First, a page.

• then start compiling


  • May create latency
  • Could a subgraph that was completed start executing?

MM: what would be the definition of a completed subgraph that distinguishes it?

DH: for example, toplevel module main, requires foo and bar, foo requires jquery, bar requires 100 modules. While bar is downloading dependencies, foo is downloaded jquery, waiting to compile and run. In that case, schedule foo and jquery's top levels to run, more concurrent semantics, less deterministic

MM: makes sense, introduces new element. optionally breaking toplevel module execution into separate turns. multiple modules part of 1 dependency graph may be executed in separate turns

YK: middle ground: start executing subgraphs in the order they've been specified. gives you determinstic ordering

AWB: in terms of modules, there is only one syntactially type of module. two types written: script type modules, root of execution, import other things. OTOH, module-like modules have exports and imports and logically are doing useful work if people import them. I thought that module-like module would never be initialized if someone didn't import it. In theory, a script tag that names a module-like module, doesn't have to be executed unless a script-like module imports a module-like module.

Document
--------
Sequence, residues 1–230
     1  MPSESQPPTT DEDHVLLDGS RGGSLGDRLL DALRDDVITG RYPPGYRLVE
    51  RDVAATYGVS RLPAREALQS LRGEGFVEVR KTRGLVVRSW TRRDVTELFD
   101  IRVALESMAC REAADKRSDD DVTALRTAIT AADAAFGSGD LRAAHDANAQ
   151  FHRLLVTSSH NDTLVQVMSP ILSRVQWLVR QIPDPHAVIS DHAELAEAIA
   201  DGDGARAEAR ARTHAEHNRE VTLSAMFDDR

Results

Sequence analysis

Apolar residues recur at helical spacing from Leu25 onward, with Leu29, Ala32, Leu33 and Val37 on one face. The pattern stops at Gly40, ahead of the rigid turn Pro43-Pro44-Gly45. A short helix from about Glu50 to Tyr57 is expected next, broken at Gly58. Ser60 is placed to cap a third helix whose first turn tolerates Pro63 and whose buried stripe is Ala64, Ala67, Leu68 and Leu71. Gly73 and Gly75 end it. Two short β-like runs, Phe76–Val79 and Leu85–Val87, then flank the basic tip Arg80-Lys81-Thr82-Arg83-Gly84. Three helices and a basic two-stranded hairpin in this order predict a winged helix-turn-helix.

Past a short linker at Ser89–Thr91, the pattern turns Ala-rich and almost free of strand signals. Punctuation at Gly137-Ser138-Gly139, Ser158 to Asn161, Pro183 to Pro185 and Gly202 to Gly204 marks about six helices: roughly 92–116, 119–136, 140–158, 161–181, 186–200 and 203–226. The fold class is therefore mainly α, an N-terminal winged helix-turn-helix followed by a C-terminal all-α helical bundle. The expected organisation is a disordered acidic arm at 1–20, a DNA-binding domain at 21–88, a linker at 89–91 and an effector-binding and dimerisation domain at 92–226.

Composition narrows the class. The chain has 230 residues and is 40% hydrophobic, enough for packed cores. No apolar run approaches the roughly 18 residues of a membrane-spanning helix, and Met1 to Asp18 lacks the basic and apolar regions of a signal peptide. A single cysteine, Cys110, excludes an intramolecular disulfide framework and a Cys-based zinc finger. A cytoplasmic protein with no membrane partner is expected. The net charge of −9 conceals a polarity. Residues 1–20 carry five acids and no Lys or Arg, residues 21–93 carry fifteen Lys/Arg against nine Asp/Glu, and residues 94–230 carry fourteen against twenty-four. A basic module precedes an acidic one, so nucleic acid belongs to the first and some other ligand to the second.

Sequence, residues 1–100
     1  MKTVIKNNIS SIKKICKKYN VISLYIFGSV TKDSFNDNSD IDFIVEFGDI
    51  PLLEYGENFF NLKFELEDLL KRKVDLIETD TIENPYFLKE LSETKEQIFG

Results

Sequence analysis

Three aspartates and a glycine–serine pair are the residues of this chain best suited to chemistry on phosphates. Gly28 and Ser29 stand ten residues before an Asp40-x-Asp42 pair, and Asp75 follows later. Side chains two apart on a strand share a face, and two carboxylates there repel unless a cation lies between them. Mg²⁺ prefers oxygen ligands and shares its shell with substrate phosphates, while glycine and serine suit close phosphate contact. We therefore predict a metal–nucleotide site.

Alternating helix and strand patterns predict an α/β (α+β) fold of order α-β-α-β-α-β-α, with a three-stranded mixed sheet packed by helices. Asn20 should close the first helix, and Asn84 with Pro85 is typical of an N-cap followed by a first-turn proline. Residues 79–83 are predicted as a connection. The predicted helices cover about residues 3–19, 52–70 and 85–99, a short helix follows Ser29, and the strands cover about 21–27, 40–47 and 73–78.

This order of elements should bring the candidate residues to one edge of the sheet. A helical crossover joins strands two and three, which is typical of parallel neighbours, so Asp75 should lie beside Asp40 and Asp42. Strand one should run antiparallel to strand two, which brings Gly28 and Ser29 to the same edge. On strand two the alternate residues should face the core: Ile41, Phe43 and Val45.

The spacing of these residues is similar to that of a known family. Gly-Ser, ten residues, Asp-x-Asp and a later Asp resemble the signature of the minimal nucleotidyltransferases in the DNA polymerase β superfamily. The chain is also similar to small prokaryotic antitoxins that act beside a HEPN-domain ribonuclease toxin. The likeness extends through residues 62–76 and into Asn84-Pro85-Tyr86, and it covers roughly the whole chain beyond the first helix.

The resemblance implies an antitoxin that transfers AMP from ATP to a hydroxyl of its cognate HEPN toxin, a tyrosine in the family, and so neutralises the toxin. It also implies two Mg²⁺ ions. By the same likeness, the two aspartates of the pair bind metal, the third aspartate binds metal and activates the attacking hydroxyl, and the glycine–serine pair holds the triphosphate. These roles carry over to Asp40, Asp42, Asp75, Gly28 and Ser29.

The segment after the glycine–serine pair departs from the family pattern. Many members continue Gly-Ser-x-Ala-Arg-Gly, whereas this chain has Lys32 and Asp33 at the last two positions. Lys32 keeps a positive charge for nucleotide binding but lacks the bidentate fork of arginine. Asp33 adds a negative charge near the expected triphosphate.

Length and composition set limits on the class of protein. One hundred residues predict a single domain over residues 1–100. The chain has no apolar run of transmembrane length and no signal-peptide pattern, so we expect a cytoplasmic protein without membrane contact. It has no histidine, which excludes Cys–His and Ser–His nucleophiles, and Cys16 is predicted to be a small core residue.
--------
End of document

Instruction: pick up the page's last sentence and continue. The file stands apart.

DH: no interest in inline-named modules

AWB: not relevant to this discussion.

AWB: script-like module: used like a script, doesn't have exports, does have imports, written for effect

DH: either are there, b/c in a script tag, or not.

AWB: so you write a script tag, name a script-like module, that needs to execute as soon as the deps are available.

JM: has to wait for deps?

AWB: it can't run until it's script is available. Here is code I want to execute. If you name the script whose exist to export it, but nobody uses it. What does a module script tag mean, this gets to the deferred semantics. Here is the script, I want to evaluate this, even if nobody depends on it.

DH: No. Cannnot express the former in HTML. The module doesn't have name, cannot be depended on.

DH/YK: they have source but they don't have name.

AWB: Anything in a script tag is the root, execute directly. Assume ordered?

DH: confirms. Intentional order of execution. Code directly or indirectly depended on has to execute immediately. Does all that have to happen in a single event turn? Or across several? If the subgraph has completed, can execute?

MM: bottom-up execution constraint. clearly doesn't imply any type of suspended caller. If all module execution is executed in single turn, then starts and ends with empty stack. implementations can do whatever they feel like to do other jobs

DH: (explaining options between single job vs. multi-job loading. if multi-job, then decision between total ordering and partial ordering)